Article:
Subsequently, it was renamed Police Bridge after the Police headquarters located nearby. Today, with its original street lamps, it serves as an important crossing for walkers, cars and public transport on the famous Nevsky Prospekt.
The Red Bridge is a one-bay arched bridge 22 meters long and 16 meters wide crossing the Moika River at Gorokhovaia Street. Meant to be one of the four surviving colour coded bridges in St Petersburg, the Red Bridge has a superb view of the Admiralty and Alexander Gardens.
First built as a wooden drawbridge in 1717 and then rebuilt in 1814 in cast iron, but without changing the bridge's outer appearance, the Red Bridge got its name from the colour of its sides facing the river, as per the other coloured St Petersburg bridges.
Designed by the French architect Auguste de Montferrand in 1834, Pevchesky Bridge is the third-widest bridge in the city, after the Blue Bridge and Kazansky Bridge. Known as the Yellow Bridge for the colour of the cast iron railings, a few years later it became Pevchesky Bridge because of the Palace Chapel Choir located nearby. History says that Nicholas I was the first person who walked across the bridge.
Named after St. Petersburg's Central Post Office - "Pochtamt" - the Pochtamtsky Bridge is a footbridge built in 1824 across the Moika River based on the designs of two architects: Wilhelm von Traitteur and Chrstianovich. Today there are only three other pedestrian bridges in St. Petersburg left: the popular Lions Bridge and Bank Bridge on Griboedov Canal.
The Bank Bridge is definitely one of the most beautiful pedestrian bridges in St Petersburg. You will certainly be impressed by the finely decorated griffons with golden wheels standing on both sides of the bridge. Located on the Griboedov Canal, not too far from Nevsky Prospekt or Kazan Cathedral, the bridge was named after the former bank building, one of Russia's first public banks.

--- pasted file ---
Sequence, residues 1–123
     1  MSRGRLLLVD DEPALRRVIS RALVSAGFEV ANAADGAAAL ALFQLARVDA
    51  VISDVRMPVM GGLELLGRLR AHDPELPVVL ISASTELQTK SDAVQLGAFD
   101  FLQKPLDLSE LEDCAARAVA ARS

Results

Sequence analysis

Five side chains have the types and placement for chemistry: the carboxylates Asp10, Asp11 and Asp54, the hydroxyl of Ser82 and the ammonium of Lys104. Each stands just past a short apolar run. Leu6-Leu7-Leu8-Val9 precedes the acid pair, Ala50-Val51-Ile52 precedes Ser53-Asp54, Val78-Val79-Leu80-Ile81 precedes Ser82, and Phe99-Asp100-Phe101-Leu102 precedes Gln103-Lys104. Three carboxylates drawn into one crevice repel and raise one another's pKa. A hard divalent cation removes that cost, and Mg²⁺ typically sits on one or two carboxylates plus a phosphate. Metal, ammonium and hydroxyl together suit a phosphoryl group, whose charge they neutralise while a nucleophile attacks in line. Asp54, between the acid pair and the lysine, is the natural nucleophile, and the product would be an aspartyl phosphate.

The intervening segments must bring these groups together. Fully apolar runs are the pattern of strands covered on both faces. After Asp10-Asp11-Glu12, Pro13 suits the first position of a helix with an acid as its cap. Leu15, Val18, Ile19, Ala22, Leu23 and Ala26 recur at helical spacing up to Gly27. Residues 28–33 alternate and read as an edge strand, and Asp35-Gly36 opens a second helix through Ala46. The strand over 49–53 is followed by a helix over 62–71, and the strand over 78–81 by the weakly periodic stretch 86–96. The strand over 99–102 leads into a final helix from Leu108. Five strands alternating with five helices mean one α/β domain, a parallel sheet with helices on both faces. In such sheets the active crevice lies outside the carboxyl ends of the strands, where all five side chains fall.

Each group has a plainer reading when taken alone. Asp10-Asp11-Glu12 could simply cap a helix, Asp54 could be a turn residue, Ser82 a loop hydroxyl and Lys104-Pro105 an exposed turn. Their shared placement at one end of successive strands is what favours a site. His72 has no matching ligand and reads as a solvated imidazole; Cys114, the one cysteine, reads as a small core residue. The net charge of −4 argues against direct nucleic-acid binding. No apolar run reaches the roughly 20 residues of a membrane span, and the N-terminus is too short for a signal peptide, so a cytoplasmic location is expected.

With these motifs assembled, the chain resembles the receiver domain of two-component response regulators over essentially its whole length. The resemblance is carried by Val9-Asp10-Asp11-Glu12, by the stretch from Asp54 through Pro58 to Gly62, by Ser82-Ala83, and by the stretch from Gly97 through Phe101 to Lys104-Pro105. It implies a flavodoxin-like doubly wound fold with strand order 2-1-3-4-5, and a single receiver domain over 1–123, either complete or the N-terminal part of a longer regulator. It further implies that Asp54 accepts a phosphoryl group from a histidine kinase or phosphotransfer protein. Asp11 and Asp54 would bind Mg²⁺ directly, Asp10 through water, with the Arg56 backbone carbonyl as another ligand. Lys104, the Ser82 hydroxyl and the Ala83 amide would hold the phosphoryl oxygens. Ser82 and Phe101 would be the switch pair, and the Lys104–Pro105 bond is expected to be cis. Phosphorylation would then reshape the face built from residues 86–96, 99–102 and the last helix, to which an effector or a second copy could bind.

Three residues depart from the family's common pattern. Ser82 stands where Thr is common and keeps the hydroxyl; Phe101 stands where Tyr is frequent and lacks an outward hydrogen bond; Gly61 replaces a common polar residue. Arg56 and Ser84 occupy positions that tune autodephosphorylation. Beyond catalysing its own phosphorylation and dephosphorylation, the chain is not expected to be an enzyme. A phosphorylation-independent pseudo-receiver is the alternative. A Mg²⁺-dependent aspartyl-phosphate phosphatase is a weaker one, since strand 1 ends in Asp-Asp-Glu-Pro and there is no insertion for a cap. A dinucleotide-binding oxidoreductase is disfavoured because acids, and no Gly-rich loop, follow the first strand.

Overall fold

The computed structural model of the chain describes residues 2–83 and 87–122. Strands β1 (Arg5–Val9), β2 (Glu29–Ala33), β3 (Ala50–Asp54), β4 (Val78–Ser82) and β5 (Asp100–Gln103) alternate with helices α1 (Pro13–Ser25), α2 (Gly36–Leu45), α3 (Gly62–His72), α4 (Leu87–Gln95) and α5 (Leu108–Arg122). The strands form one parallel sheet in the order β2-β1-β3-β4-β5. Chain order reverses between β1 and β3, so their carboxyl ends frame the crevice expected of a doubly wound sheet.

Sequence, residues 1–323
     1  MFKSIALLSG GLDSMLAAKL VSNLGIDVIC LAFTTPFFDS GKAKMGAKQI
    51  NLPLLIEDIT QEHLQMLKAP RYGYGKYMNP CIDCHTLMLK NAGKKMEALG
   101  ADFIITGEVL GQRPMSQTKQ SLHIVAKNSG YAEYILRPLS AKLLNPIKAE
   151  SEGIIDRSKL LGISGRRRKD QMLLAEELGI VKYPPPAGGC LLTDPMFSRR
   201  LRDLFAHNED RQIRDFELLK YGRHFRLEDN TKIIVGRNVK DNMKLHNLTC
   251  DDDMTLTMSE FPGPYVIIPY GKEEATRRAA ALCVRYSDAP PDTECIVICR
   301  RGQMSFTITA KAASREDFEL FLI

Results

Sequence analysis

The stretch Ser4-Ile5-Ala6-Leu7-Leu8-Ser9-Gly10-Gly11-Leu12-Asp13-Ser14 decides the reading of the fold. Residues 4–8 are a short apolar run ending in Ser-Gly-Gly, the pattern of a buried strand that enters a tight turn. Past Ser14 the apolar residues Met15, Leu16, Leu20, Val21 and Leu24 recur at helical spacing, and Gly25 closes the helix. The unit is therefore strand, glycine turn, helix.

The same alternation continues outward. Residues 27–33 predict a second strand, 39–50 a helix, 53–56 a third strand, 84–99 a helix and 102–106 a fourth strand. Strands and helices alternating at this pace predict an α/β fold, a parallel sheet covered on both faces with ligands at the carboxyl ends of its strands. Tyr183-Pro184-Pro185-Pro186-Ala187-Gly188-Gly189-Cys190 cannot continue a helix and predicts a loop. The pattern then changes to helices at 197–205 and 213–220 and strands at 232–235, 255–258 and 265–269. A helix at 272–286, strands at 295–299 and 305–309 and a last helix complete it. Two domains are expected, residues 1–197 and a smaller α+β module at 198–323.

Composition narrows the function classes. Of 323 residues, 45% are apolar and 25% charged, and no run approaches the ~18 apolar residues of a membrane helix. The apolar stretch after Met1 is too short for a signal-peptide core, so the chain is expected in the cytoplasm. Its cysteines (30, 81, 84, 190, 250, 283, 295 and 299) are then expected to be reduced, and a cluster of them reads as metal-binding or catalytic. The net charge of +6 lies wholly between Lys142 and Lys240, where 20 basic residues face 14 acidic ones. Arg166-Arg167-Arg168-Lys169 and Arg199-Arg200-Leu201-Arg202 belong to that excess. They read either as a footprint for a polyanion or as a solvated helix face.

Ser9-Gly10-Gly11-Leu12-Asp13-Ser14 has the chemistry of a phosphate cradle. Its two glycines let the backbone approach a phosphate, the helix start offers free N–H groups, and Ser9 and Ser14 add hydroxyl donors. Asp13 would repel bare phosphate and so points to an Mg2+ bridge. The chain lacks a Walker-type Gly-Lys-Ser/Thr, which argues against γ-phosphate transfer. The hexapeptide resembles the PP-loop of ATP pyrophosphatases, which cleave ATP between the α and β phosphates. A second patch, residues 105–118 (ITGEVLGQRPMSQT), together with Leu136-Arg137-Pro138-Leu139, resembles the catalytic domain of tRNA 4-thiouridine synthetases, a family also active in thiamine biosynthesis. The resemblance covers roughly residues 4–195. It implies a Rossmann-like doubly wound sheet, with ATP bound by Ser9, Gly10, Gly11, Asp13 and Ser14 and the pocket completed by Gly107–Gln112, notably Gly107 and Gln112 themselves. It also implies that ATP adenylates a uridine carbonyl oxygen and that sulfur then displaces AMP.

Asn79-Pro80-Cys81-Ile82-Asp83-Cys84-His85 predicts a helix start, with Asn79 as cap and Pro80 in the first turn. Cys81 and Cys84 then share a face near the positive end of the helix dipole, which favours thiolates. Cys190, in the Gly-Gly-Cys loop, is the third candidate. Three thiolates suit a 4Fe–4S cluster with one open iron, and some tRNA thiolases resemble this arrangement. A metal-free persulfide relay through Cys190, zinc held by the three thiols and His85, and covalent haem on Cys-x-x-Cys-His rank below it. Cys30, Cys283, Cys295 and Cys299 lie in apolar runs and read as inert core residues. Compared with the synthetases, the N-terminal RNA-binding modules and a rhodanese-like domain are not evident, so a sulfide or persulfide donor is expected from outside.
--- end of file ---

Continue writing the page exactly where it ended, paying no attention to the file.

Crossing the Griboedov Canal, not far
from the Mariinsky Theatre, you can find the small pedestrian Lions Bridge,
one of St Petersburg's most celebrated landmarks and a popular spot for
taking photos. Designed by German engineer Wilhelm Von
Treitteur and opened in 1826, the bridge took its name from the
crowned, cast iron sculptures of four white lions.
The Italian Bridge, which crosses the Griboedov Canal, is an another popular footbridge for locals and tourists located just a few minutes away from the splendid and famous Church of the Savior on Spilled Blood. Rebuilt several times since its founding in 1896, the bridge measures a length of 19.66 meters and a width of 3 meters.
The Hermitage Bridge crosses the little Winter Canal, which moves into the Neva River right next to the New Hermitage, is the oldest and smallest stone bridge in the city as well as one of the most pictured in postcards. Built in 1720 from brick and limestone with a granite exterior by Herman van Boles, today this historical bridge is part of the Hermitage and Winter Palace district.
You should know that some of the bridges in Saint Petersburg during the Summer time rise in the middle of the night to allow passing traffic along the large Neva River. Although, they are an important part of the St Petersburg Attractions, this can cause some problems for people, both locals and tourists, who are out late – leaving them aground on the islands that make up St. Petersburg until a bridge is lowered.
So, whether you're planning to go out at night in the city or you just want to know what time one of the above drawbridges rises, I would suggest that you check the official St. Petersburg Bridge Schedules
Here before you leave your hotel or flat.
Checking out it can save you an unpleasant setback or help you plan a visit on your own!☺
Written by Davide C.